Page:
The purpose of this study was to explore the concurrent and lagged effects of parental neglect and abuse on longitudinal changes in late childhood school adjustment. This study utilized survey data from the fourth through seventh iterations of the Korean Child Youth Panel Study conducted on fourth-year elementary school students through first-year middle school students. The data was analyzed using latent growth modeling. The results were as follows. First, the level of school adjustment decreased gradually. Second, both neglect and abuse had concurrent effects on school adjustment. Third, neglect had lagged effects on school adjustment but abuse did not. The paper discusses the implications of these results. The results of this study can be used to better understand and support children who have suffered neglect or abuse adjust to school during late childhood.
This study was conducted to identify the relationship between child abuse and school violence and whether aggression and depression have any mediating effects on this relationship. This study analyzed the responses of 1,937 eighth grade students. The main results of this study were as follows. First, child abuse was positively correlated with school violence aggression and school violence victimization. Second, aggression and depression mediated the effect of child abuse on aggression and victimization, respectively. Third, aggression mediated the effect of child abuse on victimization. Fourth, although there was a reciprocal causal relationship between aggression and victimization, school violence victims who were abused by their parents were less likely to be the perpetrators of violence themselves. These findings have implications regarding the use of counseling intervention to prevent violence in schools.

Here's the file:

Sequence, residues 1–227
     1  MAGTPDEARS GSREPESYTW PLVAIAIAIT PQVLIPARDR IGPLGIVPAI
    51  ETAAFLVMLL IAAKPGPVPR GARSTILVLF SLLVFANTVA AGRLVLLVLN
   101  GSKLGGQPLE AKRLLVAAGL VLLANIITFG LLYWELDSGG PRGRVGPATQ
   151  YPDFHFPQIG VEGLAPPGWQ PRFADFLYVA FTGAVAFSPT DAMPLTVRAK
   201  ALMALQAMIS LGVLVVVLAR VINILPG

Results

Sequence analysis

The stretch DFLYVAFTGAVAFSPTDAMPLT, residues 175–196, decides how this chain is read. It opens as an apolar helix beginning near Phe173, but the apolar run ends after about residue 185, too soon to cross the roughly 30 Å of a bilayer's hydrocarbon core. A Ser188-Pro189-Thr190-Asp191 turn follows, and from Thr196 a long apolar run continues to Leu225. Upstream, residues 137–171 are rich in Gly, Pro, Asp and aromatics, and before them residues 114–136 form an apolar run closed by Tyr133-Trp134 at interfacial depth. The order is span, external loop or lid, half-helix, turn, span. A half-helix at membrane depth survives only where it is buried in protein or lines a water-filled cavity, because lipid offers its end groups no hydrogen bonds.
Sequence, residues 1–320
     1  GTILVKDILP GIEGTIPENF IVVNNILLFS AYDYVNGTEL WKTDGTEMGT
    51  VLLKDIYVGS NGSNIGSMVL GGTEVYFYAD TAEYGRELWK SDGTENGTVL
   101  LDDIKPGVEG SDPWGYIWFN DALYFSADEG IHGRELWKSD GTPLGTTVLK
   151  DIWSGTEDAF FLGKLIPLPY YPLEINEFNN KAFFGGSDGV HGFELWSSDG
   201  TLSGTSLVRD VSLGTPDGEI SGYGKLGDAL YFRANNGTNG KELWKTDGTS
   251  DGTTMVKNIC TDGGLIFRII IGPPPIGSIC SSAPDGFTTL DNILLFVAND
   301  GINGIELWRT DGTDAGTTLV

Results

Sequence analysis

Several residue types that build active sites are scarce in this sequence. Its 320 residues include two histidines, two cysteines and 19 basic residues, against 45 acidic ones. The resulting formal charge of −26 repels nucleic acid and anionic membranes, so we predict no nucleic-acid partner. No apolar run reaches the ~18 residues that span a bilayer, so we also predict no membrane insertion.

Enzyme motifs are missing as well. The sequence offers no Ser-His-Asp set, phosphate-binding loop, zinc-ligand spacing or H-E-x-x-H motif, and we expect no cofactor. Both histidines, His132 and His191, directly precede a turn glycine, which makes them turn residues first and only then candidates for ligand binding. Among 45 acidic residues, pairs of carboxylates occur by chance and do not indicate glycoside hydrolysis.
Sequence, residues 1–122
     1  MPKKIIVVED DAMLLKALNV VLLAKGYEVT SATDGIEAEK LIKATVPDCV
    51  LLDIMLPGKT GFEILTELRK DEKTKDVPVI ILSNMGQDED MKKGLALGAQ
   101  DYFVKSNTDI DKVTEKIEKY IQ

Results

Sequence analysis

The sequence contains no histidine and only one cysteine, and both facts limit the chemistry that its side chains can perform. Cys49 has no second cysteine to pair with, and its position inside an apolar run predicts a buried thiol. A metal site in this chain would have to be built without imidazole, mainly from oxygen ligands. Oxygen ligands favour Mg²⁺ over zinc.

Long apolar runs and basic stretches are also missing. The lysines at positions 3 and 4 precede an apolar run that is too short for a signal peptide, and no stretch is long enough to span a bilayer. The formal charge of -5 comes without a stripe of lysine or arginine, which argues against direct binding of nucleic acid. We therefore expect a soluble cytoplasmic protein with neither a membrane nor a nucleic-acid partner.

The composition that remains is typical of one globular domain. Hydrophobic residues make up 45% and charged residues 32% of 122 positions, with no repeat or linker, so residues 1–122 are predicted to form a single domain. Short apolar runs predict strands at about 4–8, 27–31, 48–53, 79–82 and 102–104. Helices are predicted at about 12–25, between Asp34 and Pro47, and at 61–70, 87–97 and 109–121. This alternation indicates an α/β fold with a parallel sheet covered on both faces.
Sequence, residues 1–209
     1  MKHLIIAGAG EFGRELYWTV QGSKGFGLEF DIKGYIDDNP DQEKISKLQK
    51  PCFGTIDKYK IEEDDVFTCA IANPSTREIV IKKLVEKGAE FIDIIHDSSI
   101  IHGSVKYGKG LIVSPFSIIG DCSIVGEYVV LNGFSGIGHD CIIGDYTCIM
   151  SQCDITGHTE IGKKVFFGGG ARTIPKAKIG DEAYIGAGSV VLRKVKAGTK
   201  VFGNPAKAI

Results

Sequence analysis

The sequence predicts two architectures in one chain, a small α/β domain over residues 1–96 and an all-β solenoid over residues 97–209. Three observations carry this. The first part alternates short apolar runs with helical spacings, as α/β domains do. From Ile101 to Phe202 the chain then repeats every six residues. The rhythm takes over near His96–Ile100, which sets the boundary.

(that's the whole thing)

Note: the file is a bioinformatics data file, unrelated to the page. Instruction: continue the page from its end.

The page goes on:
The purpose of this study was to explore how teachers perceive barriers to consultation with school counselors. For this purpose, the opinions of 16 teachers working in Seoul, Gyeonggi, Incheon, Chungcheong, and Daegu were collected through one-on-one interviews and qualitatively analyzed using the concept-mapping method. A second set of data was gathered to classify the similarity and importance of the teachers’ statements through one-on-one interviews or the mail. The data was analyzed using multidimensional scaling and hierarchical cluster analyses. The results were as follows. The barriers to the consultation with school counselors as perceived by teachers were represented in 51 statements. Dimensional statement analysis revealed two dimensions: (a) ‘School counseling’s traits - School counselors’ traits’ and (b) ‘Psychological difficulties - Environmental difficulties’ Hierarchical cluster analysis identified 5 clusters: ‘The responsibilities as homeroom teachers interfere with communication with counselors’, ‘Teachers lack of awareness of their ability to seek consultation with counselors’, ‘Teachers lack of trust in school counselors’, ‘Perceptions of the school counselors’ role and lack of relevant experience with school counselors prevent teachers from seeking consultation‘, and ‘School counselors are overworked due to the school counseling environment’ The most important cluster was ‘Teachers lack of trust in school counselors’.
The present study investigated the relationship between adult attachment and depression and the moderating effects of social support in secondary school teachers. Survey data was collected from 231 secondary school teachers working at three middle and high schools in the Seoul and Gyung-gi areas. Correlation and hierarchical multiple regression analyses were used to test the relationships among the main variables, namely adult attachment, social support, and depression, and the three moderating effects of social support in the relationship between adult attachment and depression, respectively. The main results were as follows. First, each sub-dimension of adult attachment, namely dependent attachment, anxiety attachment, and close attachment, were significantly correlated with depression levels. All of the variables except senior support and dependent attachment were significantly correlated with depression. Second, social support had a moderating effect in the relationship between anxiety attachment and depression. Colleague and family support had moderating effects in the relationship between dependent attachment and depression though senior support did not.